RICHARD LONG & WILLEM BOSHOFF
Works on Paper | Text Works
14.05.12 - 10.09.12
SMAC Art Gallery is proud to present Richard Long: Works on Paper, organised in collaboration with Haunch of Venison, London and Willem Boshoff: Text Works.
These concurrent exhibitions present work by two artists of international acclaim. Britain’s Richard Long, one of the world’s most renowned and established land artists, exhibits alongside Willem Boshoff, one of South Africa’s foremost conceptual artists. Richard Long and Willem Boshoff work in distinctly different visual languages, however their central context and inspiration is synonymous – nature and the nature of things. The exhibitions reveal how the artists uniquely engage with the natural and social world.
In 2011, Richard Long was invited to visit South Africa for a residency at the NIROX Foundation, situated in the World Heritage region in Gauteng, known as the Cradle of Humankind. The Cradle of Humankind is a massive expanse of Highveld grass and woodland and is an area of enormous scientific significance, this is where Long and Boshoff met for the first time – their mutual affinities leading to these concurrent exhibitions.
Recipient of Britain’s infamous Turner Prize in 1989, Richard Long has made a significant and indelible contribution to the visual arts. Long has exhibited extensively all over the world since 1968. Important early exhibitions include participation in Arte Povera, Amalfi, Italy, as well as at Earth Art, Cornell University, New York in 1969.
In 1971, Long took part in the Guggenheim International Award exhibition at the Solomon R. Guggenheim Museum, New York, and exhibited in the Projects gallery at the Museum of Modern Art, New York in 1972. Long was invited to participate in Documenta 5 and 7 in 1972 and 1982, in Kassel and represented Great Britain at the Venice Biennale in 1976 and 1980.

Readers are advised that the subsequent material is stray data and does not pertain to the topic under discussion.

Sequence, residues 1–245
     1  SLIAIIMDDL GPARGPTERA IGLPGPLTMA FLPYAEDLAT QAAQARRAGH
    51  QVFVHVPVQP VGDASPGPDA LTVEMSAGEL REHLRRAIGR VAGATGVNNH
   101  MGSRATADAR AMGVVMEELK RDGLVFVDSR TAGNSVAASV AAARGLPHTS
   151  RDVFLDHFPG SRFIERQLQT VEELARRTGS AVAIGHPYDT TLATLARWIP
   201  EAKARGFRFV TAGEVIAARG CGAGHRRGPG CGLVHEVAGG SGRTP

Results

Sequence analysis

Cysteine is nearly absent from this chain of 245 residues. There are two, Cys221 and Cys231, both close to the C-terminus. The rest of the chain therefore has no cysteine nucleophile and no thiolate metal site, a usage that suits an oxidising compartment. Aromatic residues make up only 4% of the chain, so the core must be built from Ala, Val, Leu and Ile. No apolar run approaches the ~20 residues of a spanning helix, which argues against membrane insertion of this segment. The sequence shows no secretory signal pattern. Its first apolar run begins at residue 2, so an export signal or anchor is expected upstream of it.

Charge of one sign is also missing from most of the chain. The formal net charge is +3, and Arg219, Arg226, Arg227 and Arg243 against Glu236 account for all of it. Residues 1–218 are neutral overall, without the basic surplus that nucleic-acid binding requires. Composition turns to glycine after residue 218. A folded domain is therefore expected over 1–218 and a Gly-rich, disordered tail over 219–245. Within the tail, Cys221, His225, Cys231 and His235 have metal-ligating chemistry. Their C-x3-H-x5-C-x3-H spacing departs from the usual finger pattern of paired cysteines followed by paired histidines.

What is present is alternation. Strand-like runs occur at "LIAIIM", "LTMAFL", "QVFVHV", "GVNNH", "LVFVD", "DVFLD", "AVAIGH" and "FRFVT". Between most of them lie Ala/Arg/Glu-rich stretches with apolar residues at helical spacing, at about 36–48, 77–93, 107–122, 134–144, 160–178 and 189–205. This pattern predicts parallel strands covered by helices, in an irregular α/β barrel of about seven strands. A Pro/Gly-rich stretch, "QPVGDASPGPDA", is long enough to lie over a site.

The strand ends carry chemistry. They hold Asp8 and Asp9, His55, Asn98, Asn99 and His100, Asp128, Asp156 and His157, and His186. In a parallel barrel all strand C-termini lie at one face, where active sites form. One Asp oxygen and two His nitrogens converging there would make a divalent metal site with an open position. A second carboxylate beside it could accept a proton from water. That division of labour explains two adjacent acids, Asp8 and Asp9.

Affiliated with Land Art, a movement inextricably linking art and the environment, Long is interested in the earth’s surface and the experience of the natural environment. In 1967 Long started his walk-works, initially repeating the organic, impermanent act of walking in a single line until a trail was made. This notion became his point of departure for walks that have taken him to Mongolia, Bolivia, Canada, India, Nepal, Finland, Iceland, and in 2004 and 2011, South Africa.
The marks that Long leaves are dialogues with nature, delicate deliberations and meditations that resonate with a serene simplicity. Finger prints, muddy hand prints, stone sculptures, a line of sticks and old animal bones, Long’s works are not documentations but extensions, even translations of his outdoor experiences.
Willem Boshoff has had a prolific art career spanning over 30 years. In 2008 he received an honorary doctorate from the University of Johannesburg. Having recently returned from overseas where he presented a talk at the Tate Modern in London, Boshoff’s reputation has established itself as one of international standing. Boshoff represented South Africa at the Säo Paulo Biennale in 1996 and in 1997 he was the winner of the FNB Vita Award for Art. In 1998 he won the Ludwig Giess Preis, awarded by the LETTER Stiftung, Cologne, Germany and in 1999 he received the Gauteng Arts, Culture and Heritage Award for Visual Art. In 2001 he was the recipient of an honorary medal for Visual Arts and Sculpture from the South African Academy for Science and Art.
Boshoff combines his fascination with words and language with an astute awareness of the natural world and socio-political discourses. Working in a number of modes and media, from monumental stone and wood works, to ephemeral works from sand, to ‘concrete poetry’ (his own dictionaries and taxonomies), it is the world’s texts and textures that inspire Boshoff. Boshoff’s almost obsessive ethic and painstaking approach, in conjunction with a convergence of craft and concept has garnered his art extensive local and international recognition. Working with Southern Africa’s textures, Boshoff handles sand, stone and especially wood with impressive skill and intimate intricacy.